How Sound Waves Could Help Regrow Bones

The researchers used sound waves to turn stem cells into bone cells, as part of tissue engineering that could one day help patients rebuild bones lost to cancer or degenerative diseases.

Innovative stem cell therapy from RMIT researchers offers a smart way forward to overcome some of the biggest challenges in the industry, thanks to the power of high-frequency sound waves.

Tissue engineering is a new field that aims to repair bones and muscles using the natural ability of the human body to itself.

A key challenge in bone regeneration is the need for large numbers of bone cells that will thrive and thrive after implantation in the target area.

To date, in the experimental processes of transformation of adult stem cells into bone cells used sophisticated and expensive equipment and struggled with mass production, making widespread clinical application unrealistic.

In addition, in several clinical trials that tried to repair bone, mostly stem cells extracted from the patient’s bone marrow were used – a very painful procedure.

In a new study published in the journal SmallThe RMIT research team has shown that stem cells treated with high-frequency sound waves are rapidly and efficiently transformed into bone cells.

Importantly, the treatment was effective for a variety of cell types, including fat stem cells, which are much less painful to extract from the patient.

Research Fellow Dr. Amy Helmy said the new approach was faster and simpler than other methods.

“Sound waves reduce the treatment time it usually takes for stem cells to start turning into bone cells by a few days,” said Helmy, a researcher at RMIT Vice Chancellor.

“This method also does not require any special drugs that cause bone, and it is very easy to apply to stem cells.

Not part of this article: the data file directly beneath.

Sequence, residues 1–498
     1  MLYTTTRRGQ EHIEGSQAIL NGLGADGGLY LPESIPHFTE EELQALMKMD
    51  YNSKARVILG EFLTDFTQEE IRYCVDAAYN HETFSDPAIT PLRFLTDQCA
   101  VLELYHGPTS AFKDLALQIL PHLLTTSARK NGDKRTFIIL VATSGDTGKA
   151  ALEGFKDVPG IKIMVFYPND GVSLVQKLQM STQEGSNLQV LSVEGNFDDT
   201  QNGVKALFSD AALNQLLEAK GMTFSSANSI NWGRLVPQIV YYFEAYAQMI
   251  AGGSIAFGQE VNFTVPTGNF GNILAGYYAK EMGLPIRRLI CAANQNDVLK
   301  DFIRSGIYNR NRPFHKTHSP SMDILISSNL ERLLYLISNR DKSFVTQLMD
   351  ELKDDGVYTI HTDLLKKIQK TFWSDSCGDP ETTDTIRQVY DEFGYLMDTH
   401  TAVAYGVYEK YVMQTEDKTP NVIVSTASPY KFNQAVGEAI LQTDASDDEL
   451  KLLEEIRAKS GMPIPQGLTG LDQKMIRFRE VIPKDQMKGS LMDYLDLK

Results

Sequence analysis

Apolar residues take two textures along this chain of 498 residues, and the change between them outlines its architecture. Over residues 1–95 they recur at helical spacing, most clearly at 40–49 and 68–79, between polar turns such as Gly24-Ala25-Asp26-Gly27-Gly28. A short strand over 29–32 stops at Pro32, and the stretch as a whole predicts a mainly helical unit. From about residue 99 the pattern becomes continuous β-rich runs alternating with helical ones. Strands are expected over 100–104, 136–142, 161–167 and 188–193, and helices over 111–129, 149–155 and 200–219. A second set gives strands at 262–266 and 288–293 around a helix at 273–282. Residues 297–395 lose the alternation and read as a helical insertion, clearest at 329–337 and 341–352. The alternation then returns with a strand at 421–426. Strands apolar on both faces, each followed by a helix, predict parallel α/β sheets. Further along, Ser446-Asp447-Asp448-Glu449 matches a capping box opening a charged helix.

“Our research has shown that this new approach has great potential for use to treat stem cells before we either apply them to an implant or inject them directly into the body for tissue engineering.”

The high-frequency sound waves used in stem cell therapy were created on an inexpensive microchip developed by RMIT.

Leading researcher, Distinguished Professor Leslie Yeo and his team have been studying the interaction of sound waves at frequencies above 10 MHz with various materials for more than ten years.

The device developed by them for generation of sound waves can be used for exact manipulation of cages, liquids or materials.

“We can use sound waves to put the right amount of pressure in the right places on the stem cells to start the process of change,” he said.

“Our device is cheap and easy to use, so it can be easily expanded to handle a large number of cells at once – vital for efficient tissue engineering.”

The next stage of research is to study methods to increase the scale of the platform, work on the development of practical bioreactors for effective stem cell differentiation.

Help: Ambattu LA, Gelmi A, Yeo LY. Short-term high-frequency nanomechanostimulation of the megahertz order leads to early and sustained osteogenic differentiation in mesenchymal stem cells. Small. 2022: 2106823. DOI: 10.1002 / smll.202106823

This article is republished from the following materials. Note: The material may have been edited in length and content. For more information, please contact the cited source.

Leave a Comment